For the last three years, the Calgary-based Blanco Cantina restaurant has been using “Taco Tuesday” in its advertising for half price taco specials on Tuesday. Blanco Cantina recently received a cease and desist letter from Taco Time franchisor MTY Tiki Ming Enterprises Inc. (“MTY”) demanding that Blanco Cantina cease using the phrase “Taco Tuesday”. Unbeknownst to Blanco Cantina, the phrase “Taco Tuesday” is a registered trademark owned by MTY.
Despite being registered, MTY’s trademark may be all shell and no meat. Trademarks are as valid and enforceable as they are distinctive – less distinctive trademarks are more difficult to enforce and run the risk of being invalidated if challenged. “Taco” in MTY’s “Taco Time” is already disclaimed on the Canadian trademark register as being descriptive, meaning MTY cannot stop other businesses from using the word “taco” in their advertisements. Additionally, “Taco Tuesday” is commonly used by many non-licensed users, putting the mark at risk of having become generic. When trademarks become generic, they lose their distinctiveness, and their owners lose the ability to stop third parties from using the trademark. Yo-Yo, Thermos, Escalator, and Chicken Fingers are examples of generic trademarks.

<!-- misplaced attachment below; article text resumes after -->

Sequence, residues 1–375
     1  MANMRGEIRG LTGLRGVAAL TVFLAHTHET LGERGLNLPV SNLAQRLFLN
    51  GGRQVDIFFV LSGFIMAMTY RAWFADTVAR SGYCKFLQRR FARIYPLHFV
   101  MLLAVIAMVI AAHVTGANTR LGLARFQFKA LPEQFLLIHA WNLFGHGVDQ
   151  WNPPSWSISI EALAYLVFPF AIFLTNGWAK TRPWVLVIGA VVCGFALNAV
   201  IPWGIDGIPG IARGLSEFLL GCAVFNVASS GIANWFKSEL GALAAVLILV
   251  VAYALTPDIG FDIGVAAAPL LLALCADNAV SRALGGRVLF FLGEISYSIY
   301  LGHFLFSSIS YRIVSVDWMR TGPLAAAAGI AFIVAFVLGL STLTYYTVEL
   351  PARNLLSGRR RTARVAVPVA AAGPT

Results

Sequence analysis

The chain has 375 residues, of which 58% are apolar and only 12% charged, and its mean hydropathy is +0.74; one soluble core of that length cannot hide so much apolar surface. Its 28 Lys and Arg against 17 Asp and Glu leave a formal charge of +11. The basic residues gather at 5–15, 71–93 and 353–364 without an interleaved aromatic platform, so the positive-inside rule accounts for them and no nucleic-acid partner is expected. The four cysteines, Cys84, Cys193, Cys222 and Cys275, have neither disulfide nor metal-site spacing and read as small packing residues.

It appears that Blanco Cantina will be complying with the cease and desist. However, the cease and desist letter may have created more problems than it solved. Customers have reacted negatively to the letter and a boycott against Taco Time has gained momentum on social media. This Mexican stand-off illustrates several important take-aways for any trademark owner, particularly those with weak or generic trademarks.